Healthcare: The growing older adult population has increased the demand for assistive technologies. IRIM investigates ways to improve healthcare by advancing the capabilities of mobile robots that provide physical assistance. Essential components of this research include providing people with independence in their daily lives to promote aging in place and improving their quality of life through use of robot technology. (Credit: Keith R. Bujak)
Dramatic advances in robotics technology have quickly enabled new applications and integration in many research areas from defense to service applications. Using state-of-the-art facilities and working with strategic partners, Georgia Tech improves society by investigating novel robotic technologies that enhance the lives of everyone.
Our researchers define the future role of robots in society. The study of basic engineering problems is central to our work, but equally important is the implementation of innovative technologies,which results in viable solutions for evolving societal needs through integration in both systems and applications. The high quality of our academic and research programs, coupled with outstanding faculty and facilities, positions Georgia Tech as a leader in the National Robotics Initiative, launched in 2012 to ensure unparalleled robotics research and development in the United States.
Manufacturing: Robots play an integral role in keeping the U.S. competitive in the global marketplace and retaining more jobs for U.S. workers. From materials handling to spot welding and assembly tasks, robots increase productivity and efficiency. IRIM focuses on technologies that enable humans and robots to work side by side across all areas of manufacturing and in a wide variety of industries. (Credit: Gary Meek)
Georgia Tech is revolutionizing the way humans collaborate with robots and is charting the course for how autonomous systems can enhance society, the economy and culture. Our projects attract more than $35 million in sponsored research each year in core research areas that include mechanics, control, perception, artificial intelligence and cognition, interaction and systems. Georgia Tech continues to advance personal and everyday robotics through research into the ways robots can learn from and interact with humans, and by exploring issues surrounding their governance and ethical use.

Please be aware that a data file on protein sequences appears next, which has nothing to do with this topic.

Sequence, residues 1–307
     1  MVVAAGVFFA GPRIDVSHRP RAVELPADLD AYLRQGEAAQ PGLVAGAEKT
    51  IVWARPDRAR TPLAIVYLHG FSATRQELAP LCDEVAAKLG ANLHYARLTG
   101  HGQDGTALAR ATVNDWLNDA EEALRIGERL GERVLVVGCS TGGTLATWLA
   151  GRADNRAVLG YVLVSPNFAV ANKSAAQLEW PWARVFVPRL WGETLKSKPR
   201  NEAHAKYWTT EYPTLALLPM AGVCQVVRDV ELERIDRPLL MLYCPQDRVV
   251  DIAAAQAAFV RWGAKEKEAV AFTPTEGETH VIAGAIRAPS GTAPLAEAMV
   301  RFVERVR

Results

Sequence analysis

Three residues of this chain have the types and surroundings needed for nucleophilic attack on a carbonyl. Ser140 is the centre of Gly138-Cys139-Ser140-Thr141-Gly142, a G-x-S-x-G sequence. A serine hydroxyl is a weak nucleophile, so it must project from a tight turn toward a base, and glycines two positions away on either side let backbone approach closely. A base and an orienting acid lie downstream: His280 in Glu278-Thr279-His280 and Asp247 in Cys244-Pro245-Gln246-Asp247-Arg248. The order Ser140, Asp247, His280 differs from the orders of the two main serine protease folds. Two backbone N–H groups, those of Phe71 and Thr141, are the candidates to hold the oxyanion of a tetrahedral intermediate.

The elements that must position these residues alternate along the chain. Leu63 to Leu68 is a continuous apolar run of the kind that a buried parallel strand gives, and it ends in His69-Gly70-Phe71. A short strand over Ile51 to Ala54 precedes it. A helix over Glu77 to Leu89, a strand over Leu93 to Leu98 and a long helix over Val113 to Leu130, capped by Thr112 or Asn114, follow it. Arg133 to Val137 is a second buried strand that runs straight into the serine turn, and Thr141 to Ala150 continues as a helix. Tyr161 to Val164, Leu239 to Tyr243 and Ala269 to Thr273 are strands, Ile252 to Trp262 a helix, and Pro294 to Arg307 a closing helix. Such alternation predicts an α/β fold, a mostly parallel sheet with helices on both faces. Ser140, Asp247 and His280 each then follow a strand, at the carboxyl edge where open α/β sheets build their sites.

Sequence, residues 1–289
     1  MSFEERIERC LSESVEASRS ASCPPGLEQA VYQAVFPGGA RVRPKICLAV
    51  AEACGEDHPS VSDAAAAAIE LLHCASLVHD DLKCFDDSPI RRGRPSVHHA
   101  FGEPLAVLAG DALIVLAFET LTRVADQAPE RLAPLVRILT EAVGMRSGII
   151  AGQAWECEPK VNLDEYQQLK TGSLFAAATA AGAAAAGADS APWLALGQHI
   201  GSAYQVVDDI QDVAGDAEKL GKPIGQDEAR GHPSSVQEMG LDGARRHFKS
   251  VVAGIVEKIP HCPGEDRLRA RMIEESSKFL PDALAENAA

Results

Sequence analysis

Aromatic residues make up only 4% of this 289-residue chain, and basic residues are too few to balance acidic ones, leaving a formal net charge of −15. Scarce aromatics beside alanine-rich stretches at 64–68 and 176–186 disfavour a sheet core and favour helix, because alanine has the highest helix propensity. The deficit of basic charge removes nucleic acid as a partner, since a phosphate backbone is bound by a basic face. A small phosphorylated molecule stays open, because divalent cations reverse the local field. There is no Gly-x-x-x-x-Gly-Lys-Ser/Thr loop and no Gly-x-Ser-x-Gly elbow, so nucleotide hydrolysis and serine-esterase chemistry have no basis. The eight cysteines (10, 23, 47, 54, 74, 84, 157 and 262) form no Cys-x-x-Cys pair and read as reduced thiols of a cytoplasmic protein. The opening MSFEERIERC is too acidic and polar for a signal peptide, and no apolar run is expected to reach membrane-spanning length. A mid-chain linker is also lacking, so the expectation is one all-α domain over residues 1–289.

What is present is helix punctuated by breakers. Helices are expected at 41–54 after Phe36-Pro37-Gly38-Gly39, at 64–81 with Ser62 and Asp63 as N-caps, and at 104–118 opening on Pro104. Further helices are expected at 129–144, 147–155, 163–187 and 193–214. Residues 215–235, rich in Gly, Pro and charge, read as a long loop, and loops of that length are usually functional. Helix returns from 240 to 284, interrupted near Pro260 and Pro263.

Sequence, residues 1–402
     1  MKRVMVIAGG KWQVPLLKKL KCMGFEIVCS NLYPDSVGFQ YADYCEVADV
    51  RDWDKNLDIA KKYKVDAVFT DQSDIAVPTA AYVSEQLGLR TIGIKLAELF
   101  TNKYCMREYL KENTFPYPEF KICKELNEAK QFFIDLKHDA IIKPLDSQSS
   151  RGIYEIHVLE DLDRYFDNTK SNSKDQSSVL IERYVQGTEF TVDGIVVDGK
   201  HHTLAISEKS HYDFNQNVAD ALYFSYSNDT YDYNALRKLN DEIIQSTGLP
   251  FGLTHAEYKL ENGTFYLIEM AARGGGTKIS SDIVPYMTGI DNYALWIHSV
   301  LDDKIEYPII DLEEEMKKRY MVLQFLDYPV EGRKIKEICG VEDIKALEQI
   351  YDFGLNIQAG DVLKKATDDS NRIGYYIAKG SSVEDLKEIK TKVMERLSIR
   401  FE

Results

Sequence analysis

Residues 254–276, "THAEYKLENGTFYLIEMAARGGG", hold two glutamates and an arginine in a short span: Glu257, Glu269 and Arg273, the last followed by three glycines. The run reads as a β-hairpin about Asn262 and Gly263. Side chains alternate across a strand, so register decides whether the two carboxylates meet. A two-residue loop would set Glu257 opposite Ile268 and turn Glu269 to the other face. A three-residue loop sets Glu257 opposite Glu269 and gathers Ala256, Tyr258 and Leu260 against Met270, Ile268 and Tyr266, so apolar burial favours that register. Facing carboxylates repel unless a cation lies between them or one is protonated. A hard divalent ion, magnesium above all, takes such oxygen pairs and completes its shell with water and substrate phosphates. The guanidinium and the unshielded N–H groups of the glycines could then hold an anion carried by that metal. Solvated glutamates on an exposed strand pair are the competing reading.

Through interdisciplinary research across technological and sector-specific fields, more than 60 robotics faculty members and research staff drive innovation and new discoveries across the robotics spectrum—from large-scale automation and autonomous vehicles to personalized robotic learning and engagement.
Georgia Tech is a leader in the development of autonomous vehicles and machines for defense, homeland security and first responder security applications. Researchers are developing specialized techniques for testing and evaluating unmanned vehicles, which are playing an increasingly important role in meeting Department of Defense needs. Georgia Tech researchers have also pioneered techniques that allow autonomous robots to work together in defense and rescue missions.
First Responder Security: Robots help preserve human lives in hazardous situations. They navigate through dangerous environments, provide vital communications through sensors and deliver essential supplies. IRIM develops improved mobility and manipulation capabilities of robots used in disasters and emergencies, resulting in improved safety for first responders and greater potential to save lives in both civilian and military operations. (Credit: Ai-Ping Hu)
Our relationships with key government and industry partners create opportunities for Georgia Tech to develop new methods for integrating automated systems into critical workflow processes. Through these efforts, our researchers advance the adoption of robotic technology in the workplace and address issues of critical national and international importance. Major areas of focus include improving care for aging in place, increasing productivity and efficiency in manufacturing, developing onboard sensors and applications for enhancing safety of personal vehicles and creating new methods to improve the social interactive abilities of personal and service robots.
Georgia Tech’s recent award of more than $2 million from the National Science Foundation to fund projects for the National Robotics Initiative program, combined with the Institute’s interdisciplinary approach to research, further strengthens Georgia Tech’s position as a leader in robotics research.